pose


From The Collaborative International Dictionary of English v.0.48:

Pose \Pose\, v. i.
   To assume and maintain a studied attitude, with studied
   arrangement of drapery; to strike an attitude; to
   attitudinize; figuratively, to assume or affect a certain
   character; as, she poses as a prude.
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         He . . . posed before her as a hero.     --Thackeray.
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From The Collaborative International Dictionary of English v.0.48:

Pos'e \Po`s['e]"\, a. [F., placed, posed.] (Her.)
   Standing still, with all the feet on the ground; -- said of
   the attitude of a lion, horse, or other beast.
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From The Collaborative International Dictionary of English v.0.48:

Pose \Pose\, n. [AS. gepose; of uncertain origin; cf. W. pas a
   cough, Skr. k[=a]s to cough, and E. wheeze.]
   A cold in the head; catarrh. [Obs.] --Chaucer.
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From The Collaborative International Dictionary of English v.0.48:

Pose \Pose\, n. [F. pose, fr. poser. See Pose, v. t.]
   The attitude or position of a person; the position of the
   body or of any member of the body; especially, a position
   formally assumed for the sake of effect; an artificial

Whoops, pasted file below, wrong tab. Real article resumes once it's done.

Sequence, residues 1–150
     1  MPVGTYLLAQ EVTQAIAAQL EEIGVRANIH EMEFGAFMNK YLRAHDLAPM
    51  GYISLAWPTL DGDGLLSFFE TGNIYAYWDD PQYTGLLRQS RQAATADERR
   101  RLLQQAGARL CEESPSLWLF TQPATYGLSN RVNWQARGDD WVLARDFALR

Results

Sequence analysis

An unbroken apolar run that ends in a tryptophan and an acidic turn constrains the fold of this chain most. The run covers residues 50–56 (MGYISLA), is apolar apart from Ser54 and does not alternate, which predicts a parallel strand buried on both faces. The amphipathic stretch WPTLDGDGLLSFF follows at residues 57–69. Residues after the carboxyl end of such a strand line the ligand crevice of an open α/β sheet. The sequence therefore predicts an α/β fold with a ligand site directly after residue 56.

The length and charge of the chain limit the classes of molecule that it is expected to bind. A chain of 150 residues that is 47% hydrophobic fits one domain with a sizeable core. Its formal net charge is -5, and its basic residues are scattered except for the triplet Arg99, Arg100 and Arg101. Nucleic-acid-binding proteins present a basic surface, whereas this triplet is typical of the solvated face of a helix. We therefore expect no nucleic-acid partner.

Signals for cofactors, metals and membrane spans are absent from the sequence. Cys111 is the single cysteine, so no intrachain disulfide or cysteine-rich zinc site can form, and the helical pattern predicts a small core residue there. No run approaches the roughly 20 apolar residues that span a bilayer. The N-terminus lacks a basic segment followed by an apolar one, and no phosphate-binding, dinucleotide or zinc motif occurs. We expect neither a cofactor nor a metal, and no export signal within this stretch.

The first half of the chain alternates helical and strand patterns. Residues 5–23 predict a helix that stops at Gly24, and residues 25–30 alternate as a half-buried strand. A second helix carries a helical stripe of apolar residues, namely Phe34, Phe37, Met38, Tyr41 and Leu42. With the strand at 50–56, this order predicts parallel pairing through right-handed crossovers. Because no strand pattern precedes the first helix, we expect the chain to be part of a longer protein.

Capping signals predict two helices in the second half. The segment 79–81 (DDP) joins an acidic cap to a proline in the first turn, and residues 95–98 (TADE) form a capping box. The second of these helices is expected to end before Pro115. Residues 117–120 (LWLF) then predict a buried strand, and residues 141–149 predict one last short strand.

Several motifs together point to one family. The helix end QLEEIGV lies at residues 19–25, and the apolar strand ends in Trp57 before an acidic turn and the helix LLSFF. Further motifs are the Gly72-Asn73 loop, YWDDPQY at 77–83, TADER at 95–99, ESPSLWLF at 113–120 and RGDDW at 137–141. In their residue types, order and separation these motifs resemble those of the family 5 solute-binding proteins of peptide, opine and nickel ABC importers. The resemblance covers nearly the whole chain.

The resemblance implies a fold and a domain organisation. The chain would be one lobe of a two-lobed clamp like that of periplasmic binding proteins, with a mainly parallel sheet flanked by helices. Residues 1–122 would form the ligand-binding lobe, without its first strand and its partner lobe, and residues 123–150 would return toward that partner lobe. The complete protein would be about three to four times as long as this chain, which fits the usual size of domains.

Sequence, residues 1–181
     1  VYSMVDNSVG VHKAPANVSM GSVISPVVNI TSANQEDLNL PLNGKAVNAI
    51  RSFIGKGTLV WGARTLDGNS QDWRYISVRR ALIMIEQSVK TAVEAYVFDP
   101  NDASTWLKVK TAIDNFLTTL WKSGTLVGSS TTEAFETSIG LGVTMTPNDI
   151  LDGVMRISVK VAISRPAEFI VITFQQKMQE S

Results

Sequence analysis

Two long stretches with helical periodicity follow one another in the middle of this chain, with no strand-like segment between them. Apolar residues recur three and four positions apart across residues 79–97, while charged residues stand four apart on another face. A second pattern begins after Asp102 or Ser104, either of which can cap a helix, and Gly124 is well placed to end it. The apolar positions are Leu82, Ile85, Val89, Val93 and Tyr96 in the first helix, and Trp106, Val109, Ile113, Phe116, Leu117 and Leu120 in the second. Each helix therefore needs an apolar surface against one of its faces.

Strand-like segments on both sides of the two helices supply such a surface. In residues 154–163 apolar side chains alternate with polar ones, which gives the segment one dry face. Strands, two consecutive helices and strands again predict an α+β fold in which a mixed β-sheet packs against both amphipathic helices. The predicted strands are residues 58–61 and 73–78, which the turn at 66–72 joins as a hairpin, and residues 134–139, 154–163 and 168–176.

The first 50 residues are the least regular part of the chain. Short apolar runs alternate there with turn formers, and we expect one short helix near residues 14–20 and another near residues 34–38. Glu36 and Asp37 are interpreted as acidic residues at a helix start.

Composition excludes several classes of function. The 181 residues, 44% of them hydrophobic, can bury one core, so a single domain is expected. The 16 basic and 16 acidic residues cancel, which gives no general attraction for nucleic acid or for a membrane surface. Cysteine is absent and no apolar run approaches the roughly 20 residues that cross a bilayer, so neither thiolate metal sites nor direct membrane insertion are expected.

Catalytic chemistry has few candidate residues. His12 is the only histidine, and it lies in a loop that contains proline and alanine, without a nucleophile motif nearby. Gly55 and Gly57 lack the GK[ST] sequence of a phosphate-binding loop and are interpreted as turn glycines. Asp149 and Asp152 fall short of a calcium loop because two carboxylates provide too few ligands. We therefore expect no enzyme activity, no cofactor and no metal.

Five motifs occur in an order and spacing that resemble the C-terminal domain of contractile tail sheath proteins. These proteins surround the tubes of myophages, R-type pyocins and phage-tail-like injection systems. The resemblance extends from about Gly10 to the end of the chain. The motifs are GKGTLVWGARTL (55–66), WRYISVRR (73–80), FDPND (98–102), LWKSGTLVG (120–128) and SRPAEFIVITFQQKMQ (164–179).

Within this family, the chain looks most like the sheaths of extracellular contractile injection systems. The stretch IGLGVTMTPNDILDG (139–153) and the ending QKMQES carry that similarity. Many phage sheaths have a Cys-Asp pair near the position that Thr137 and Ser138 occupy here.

position; as, the pose of an actor; the pose of an artist's
   model or of a statue.
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From The Collaborative International Dictionary of English v.0.48:

Pose \Pose\, v. t. [imp. & p. p. Posed; p. pr. & vb. n.
   Posing.] [F. poser to place, to put, L. pausare to pause,
   in LL. also, to place, put, fr. L. pausa a pause, Gr. ?, fr.
   ? to make to cease, prob. akin to E. few. In compounds, this
   word appears corresponding to L. ponere to put, place, the
   substitution in French having been probably due to confusion
   of this word with L. positio position, fr. ponere. See Few,
   and cf. Appose, Dispose, Oppose, Pause, Repose,
   Position.]
   To place in an attitude or fixed position, for the sake of
   effect; to arrange the posture and drapery of (a person) in a
   studied manner; as, to pose a model for a picture; to pose a
   sitter for a portrait.
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From The Collaborative International Dictionary of English v.0.48:

Pose \Pose\, v. t. [Shortened from appose, for oppose. See 2d
   Appose, Oppose.]
   1. To interrogate; to question. [Obs.] "She . . . posed him
      and sifted him." --Bacon.
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   2. To question with a view to puzzling; to embarrass by
      questioning or scrutiny; to bring to a stand.
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            A question wherewith a learned Pharisee thought to
            pose and puzzle him.                  --Barrow.
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